What do the new rules say about fencing and the need to keep stock out of waterways?
Anyone who owns or controls stock is required to comply with stock exclusion regulations.
Cattle, deer and pigs need to be excluded from waterways where the farm is considered to be ‘low slope’ or is intensively grazed. ‘Low slope’ land is defined as the land areas highlighted green in the Low Slope Land viewer – RM (Stock Exclusion) Regulations 2020 map.
This applies to the entire land parcel identified regardless of the actual slope of a particular paddock which, in some cases, will be very considerably steeper than the 10 degrees. Intensively grazed refers to land where stock are break fed, fed annual forage crops, or pasture that has been irrigated in the previous 12 months.
The area which is considered ‘low-slope’ land includes more land than initially expected and incorporates all paddocks within land parcels categorised as ‘low-slope’ regardless of the actual paddock slope.
This means cattle and deer will have to be excluded from more waterways than initially expected.
Fences need to be 3 metres from the edge of the riverbed but if a permanent fence (of at least 2 wires) is already in place (as at 3 September 2020) then this doesn’t need to be moved. A river includes any streambeds that are 1 metre or wider (bank to bank) at any point within the land parcel, irrespective of whether they run permanently or not.
Fences used to exclude livestock from waterways can be permanent fences, temporary fences, or virtual fences which are linked to GPS-enabled collars worn by livestock.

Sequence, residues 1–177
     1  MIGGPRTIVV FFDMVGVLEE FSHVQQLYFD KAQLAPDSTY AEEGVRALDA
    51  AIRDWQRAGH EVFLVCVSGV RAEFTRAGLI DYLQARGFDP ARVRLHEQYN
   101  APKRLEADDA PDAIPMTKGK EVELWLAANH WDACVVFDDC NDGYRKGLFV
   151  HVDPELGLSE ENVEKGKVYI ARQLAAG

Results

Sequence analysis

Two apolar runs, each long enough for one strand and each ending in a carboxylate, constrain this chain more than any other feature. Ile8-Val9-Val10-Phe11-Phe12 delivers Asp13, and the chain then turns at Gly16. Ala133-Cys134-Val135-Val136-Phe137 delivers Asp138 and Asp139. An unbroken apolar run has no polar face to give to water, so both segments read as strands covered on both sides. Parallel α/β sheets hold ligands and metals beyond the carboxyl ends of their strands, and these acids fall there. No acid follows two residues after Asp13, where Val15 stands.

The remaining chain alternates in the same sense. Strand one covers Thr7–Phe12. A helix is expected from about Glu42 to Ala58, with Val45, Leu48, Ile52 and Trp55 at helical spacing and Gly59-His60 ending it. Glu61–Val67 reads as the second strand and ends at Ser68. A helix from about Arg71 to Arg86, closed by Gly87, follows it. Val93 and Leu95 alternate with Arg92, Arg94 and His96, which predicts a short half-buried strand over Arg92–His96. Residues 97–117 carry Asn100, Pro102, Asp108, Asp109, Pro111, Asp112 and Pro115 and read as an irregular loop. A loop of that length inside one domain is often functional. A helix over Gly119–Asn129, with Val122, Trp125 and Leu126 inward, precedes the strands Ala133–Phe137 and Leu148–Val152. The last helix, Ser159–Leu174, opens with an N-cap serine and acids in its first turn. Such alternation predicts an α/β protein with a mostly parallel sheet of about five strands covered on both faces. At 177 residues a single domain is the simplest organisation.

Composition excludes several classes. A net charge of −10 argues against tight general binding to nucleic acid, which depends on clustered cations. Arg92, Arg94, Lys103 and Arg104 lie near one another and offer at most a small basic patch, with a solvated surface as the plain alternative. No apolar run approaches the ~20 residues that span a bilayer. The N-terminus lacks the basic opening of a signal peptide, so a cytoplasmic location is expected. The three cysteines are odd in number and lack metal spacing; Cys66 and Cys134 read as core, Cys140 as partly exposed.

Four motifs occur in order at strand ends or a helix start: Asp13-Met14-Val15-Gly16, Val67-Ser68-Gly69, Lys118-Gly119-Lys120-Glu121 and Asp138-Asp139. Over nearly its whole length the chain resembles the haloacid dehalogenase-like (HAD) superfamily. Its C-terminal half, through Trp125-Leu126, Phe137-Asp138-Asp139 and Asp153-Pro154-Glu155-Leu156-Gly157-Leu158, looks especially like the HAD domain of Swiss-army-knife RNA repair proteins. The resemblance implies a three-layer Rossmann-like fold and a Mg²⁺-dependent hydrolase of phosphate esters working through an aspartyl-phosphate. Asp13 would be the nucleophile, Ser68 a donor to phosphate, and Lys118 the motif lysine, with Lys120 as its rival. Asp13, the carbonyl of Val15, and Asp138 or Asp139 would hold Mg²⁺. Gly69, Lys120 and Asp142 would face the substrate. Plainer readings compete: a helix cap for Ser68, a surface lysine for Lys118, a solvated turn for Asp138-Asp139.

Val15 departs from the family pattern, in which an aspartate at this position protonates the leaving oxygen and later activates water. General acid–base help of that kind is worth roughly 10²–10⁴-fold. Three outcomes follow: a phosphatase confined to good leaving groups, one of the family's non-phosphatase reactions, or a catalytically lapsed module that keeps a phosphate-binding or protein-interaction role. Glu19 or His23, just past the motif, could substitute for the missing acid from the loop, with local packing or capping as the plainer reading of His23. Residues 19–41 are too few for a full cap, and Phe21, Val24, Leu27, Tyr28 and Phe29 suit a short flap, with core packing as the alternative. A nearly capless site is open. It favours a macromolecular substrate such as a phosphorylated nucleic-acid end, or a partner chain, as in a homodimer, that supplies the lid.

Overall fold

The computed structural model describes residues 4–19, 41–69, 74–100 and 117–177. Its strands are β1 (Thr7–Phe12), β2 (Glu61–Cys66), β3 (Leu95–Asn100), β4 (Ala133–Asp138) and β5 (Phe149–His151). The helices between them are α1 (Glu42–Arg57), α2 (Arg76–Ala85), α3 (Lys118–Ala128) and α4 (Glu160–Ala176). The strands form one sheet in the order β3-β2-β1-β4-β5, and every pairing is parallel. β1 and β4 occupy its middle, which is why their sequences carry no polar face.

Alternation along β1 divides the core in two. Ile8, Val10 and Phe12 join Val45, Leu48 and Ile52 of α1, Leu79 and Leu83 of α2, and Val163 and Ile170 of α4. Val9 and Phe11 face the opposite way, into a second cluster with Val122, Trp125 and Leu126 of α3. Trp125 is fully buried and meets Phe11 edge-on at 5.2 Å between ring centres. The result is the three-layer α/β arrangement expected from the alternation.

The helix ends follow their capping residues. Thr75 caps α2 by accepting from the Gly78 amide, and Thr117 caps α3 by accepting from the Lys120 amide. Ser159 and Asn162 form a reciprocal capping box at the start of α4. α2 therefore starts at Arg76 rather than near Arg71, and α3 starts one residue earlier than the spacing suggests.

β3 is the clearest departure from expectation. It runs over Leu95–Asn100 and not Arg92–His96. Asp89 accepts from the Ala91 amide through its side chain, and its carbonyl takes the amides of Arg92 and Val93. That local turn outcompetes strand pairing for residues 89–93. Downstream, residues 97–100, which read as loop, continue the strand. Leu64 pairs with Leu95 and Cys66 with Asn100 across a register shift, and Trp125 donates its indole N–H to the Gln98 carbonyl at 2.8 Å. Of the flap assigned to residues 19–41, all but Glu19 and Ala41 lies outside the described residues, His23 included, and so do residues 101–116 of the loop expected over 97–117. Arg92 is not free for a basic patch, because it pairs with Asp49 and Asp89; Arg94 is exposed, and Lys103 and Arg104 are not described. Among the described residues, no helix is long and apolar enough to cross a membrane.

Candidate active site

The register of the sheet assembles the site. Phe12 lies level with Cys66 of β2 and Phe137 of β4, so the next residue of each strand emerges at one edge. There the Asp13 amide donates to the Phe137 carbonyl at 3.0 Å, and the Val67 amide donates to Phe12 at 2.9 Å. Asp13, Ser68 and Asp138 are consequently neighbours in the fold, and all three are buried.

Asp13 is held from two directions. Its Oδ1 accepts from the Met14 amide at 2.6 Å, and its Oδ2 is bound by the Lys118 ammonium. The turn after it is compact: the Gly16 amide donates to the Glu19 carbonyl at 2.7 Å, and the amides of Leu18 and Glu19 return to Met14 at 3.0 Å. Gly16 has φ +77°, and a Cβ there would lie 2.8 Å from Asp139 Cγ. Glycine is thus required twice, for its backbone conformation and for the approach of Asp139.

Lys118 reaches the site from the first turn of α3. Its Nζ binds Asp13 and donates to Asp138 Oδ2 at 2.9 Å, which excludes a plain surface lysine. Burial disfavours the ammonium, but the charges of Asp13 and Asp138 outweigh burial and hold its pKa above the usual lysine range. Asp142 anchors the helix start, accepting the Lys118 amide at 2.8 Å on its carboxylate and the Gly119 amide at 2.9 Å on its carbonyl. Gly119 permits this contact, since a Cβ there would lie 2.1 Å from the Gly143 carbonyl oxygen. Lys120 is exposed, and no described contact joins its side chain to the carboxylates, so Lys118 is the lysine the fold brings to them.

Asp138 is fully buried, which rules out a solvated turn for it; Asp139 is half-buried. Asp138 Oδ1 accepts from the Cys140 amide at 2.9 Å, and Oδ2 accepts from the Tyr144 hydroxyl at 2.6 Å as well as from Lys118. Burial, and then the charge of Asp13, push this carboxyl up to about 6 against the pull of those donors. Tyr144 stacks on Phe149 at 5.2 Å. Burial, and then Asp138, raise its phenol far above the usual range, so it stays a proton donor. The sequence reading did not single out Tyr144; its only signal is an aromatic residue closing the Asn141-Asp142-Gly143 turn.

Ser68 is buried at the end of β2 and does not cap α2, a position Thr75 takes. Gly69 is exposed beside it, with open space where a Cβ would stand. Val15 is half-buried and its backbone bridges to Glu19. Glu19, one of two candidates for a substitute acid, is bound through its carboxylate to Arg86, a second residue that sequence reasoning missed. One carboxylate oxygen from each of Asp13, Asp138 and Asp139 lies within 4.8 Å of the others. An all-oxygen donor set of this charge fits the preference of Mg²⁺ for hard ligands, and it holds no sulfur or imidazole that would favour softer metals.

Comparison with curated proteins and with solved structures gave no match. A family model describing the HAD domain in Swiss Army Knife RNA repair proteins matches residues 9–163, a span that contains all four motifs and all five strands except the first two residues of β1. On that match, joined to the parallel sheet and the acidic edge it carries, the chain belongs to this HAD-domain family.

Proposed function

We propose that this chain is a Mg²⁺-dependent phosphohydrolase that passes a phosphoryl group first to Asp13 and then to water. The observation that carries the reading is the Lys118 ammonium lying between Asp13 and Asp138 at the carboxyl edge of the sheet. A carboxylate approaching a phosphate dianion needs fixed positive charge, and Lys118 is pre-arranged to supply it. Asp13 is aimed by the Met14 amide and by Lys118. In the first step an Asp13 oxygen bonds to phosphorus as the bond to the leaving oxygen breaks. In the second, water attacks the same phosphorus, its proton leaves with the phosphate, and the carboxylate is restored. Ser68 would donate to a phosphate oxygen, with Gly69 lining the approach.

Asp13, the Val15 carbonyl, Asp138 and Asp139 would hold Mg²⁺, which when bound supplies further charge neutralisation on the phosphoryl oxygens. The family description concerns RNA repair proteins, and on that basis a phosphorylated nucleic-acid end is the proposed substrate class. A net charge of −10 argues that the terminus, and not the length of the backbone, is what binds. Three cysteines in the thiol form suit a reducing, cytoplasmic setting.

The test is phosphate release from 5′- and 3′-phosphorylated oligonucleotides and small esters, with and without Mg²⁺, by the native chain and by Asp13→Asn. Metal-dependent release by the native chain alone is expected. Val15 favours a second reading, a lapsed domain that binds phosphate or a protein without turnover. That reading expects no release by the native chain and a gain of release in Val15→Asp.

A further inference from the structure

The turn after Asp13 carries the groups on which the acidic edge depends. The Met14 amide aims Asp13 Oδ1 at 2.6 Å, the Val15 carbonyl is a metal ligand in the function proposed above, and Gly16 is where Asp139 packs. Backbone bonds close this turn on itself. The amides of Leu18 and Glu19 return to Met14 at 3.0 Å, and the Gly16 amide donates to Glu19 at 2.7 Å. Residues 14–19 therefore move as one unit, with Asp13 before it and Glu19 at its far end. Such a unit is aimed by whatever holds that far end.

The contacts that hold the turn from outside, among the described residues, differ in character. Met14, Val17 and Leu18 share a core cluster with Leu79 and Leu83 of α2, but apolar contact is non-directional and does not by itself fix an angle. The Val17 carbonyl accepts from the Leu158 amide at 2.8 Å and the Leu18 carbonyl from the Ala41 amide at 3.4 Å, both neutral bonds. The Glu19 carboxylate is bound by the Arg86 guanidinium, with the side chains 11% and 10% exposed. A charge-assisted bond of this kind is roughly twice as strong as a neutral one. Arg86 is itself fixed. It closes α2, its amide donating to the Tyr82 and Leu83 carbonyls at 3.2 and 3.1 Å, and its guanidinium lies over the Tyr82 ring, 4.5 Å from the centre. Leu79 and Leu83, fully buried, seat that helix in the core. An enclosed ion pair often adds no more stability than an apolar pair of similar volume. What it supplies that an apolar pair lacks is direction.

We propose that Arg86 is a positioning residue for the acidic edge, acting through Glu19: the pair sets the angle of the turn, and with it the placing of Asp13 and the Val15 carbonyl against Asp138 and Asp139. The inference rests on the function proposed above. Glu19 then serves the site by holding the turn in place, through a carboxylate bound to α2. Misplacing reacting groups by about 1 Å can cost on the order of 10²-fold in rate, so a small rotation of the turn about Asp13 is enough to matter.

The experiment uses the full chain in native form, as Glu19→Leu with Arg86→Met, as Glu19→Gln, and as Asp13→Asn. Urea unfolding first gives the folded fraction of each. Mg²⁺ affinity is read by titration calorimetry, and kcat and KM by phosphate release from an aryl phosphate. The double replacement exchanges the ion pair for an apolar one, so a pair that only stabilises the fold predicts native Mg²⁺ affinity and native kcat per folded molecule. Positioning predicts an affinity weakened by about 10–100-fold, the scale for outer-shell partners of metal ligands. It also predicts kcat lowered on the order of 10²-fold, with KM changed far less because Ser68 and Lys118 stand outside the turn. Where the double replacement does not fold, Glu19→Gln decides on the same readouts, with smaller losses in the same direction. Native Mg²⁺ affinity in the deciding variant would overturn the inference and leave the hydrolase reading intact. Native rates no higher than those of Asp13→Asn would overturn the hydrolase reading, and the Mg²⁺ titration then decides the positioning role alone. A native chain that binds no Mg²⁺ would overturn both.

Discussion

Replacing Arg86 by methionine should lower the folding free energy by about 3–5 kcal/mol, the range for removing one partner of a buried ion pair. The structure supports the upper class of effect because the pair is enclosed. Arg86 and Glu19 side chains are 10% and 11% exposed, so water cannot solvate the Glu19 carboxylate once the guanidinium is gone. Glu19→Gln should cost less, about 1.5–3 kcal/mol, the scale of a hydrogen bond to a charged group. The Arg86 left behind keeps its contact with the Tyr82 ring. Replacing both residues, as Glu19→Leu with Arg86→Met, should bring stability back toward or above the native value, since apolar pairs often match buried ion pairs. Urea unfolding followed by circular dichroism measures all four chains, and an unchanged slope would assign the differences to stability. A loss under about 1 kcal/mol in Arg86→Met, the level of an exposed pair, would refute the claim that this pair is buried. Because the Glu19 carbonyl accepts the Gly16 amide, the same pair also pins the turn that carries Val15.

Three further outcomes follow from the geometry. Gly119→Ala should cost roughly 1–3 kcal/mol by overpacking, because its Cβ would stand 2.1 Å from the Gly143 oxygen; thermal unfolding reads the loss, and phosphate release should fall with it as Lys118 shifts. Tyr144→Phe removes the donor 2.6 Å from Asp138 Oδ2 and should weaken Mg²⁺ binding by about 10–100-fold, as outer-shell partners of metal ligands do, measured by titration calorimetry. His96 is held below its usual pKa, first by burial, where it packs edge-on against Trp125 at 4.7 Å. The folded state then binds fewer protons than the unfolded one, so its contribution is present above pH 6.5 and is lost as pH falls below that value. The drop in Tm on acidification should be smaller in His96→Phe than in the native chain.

Several regional councils already have regulations in place relating to stock exclusion. Councils may elect to put in place stricter regulations than the national guidelines. This may mean fences need to be further away from rivers in sensitive catchments.
It sounds like a lot of new fencing is needed. Do we know how much and by when?
The Ministry for the Environment (MfE) estimate 81,000 km of rivers (wider than 1 metre) flow through farmland considered to be ‘low slope’. Fences are already in place on 60% of this land leaving a further 32,000 km of streams to be fenced before 1 July 2025.
Canterbury and Otago have by far the largest expanse of rivers that require stock exclusion. See our full report for a table with estimates of the length of river in each region that needs to be fenced. The majority of the fencing required is on sheep and beef farms. Much of the required fencing is already in place on dairy farms but this is not necessarily the case on dairy runoff blocks. Additional fencing will also be required on some deer farms.
In addition, dairy cattle, dairy support cattle and pigs need to be excluded from waterways no matter what the terrain is. This may make it less viable for sheep and beef farms to graze dairy stock, including young stock, carry over cows, and winter dairy cows.
Any intensively farmed hill country will also be subjected to stock exclusion requirements. Cattle, pigs and deer will need to kept out of waterways on farms that have a carrying capacity of greater than 14 SU/ha or for individual paddocks if they carry more than 18 SU/ha, are irrigated (or have previously been irrigated), or where crops are break-fed.
The new rules apply immediately for any new pastoral farms (ie conversions from forestry) but some regulations will be phased in over the next five years.
On 1 July 2023 they will apply for all dairy cattle and pigs, and for beef cattle and deer that are intensively grazed and all stock need to be excluded from natural wetlands identified in regional or district plans by this date.
On 1 July 2025 the rules will apply to all dairy support cattle (regardless of slope of land) and all beef and deer on low-slope land. By this date all stock must be excluded from all wetlands on low-slope land and wetlands that support threatened species.